A 60-year-old Texas man accused of setting up an ambush against police and firefighters said he set up the attack as both a protest against police shootings and a way to encourage people to vote.
"This is a get out the vote campaign," Douglas Leguin told KXAS-TV on Thursday. "You have to do something big to get attention in this country."
Leguin spoke to the station from Dallas County Jail, where the self-identified "sovereign citizen" is being held on $350,000 bail. He is charged with seven counts of aggravated assault against a public servant for allegedly setting fire to a dumpster near a North Dallas home, then allegedly shooting at firefighters with an AK-47 during a brief standoff.
"I know what I did was crazy, but I'm going to pay for that," Leguin told KXAS. "I just got to do something to wake up America, man. I got to do something to get people out there voting. We got the perfect tool to change the government. We can completely overhaul the government. But everybody has to vote."
Leguin, who at one point said he wanted to declare the home as the sovereign republic of "Dougiestan," said he was motivated by what he called an "upside-down" justice system, citing police shootings in the Dallas area and the handling of the case of Ethan Couch.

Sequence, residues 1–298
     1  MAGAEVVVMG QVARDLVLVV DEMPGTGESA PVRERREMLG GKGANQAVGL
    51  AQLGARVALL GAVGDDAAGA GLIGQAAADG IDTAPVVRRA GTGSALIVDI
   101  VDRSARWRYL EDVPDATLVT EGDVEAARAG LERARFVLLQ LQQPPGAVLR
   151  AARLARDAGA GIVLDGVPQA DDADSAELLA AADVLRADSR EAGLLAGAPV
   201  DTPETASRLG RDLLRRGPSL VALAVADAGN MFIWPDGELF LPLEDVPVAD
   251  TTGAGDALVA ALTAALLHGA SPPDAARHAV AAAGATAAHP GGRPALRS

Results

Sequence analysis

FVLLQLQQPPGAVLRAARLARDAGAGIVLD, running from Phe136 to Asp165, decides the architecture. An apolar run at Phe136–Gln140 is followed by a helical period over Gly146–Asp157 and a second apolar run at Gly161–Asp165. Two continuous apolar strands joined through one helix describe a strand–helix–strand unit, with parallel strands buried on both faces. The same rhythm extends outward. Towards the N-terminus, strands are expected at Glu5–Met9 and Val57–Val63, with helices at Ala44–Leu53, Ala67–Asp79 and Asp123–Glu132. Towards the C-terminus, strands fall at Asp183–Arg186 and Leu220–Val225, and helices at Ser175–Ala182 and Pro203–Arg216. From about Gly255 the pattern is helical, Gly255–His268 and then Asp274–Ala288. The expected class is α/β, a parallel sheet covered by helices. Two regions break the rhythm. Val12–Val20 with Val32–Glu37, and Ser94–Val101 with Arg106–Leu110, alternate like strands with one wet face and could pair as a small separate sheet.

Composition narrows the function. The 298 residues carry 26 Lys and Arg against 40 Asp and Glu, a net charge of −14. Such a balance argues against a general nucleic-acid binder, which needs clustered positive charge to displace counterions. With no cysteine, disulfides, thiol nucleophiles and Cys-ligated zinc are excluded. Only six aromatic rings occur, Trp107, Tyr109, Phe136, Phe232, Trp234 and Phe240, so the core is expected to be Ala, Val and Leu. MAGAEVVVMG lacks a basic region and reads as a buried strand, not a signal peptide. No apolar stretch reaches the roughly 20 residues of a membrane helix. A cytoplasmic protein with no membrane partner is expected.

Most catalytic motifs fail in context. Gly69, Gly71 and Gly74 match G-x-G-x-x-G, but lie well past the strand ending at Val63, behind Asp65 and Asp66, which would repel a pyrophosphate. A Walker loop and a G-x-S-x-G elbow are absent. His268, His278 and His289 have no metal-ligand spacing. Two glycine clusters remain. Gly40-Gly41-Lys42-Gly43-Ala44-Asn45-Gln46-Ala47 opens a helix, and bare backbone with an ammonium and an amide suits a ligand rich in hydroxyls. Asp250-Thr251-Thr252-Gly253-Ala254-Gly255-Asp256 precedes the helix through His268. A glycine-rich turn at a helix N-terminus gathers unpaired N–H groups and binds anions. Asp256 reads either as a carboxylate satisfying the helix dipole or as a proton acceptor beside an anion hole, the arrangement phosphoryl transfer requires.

Couch was tried last year for a drunk driving incident that resulted in the deaths of four people. Psychologist G. Dick Miller stated during the trial that the 16-year-old suffered from "affluenza" because of his privileged upbringing, leaving him unable to be responsible for his actions. This past March, Couch's family reached settlements with the families of three of the people killed in the fatal crash.
On Thursday, Leguin told KXAS that he understood that, if convicted, he could lose his own right to vote.
"I had a hard time choosing this path, because I had a lot to lose," he said. "Somebody had to do it."
Watch KXAS' story on Leguin, as aired on Thursday, below.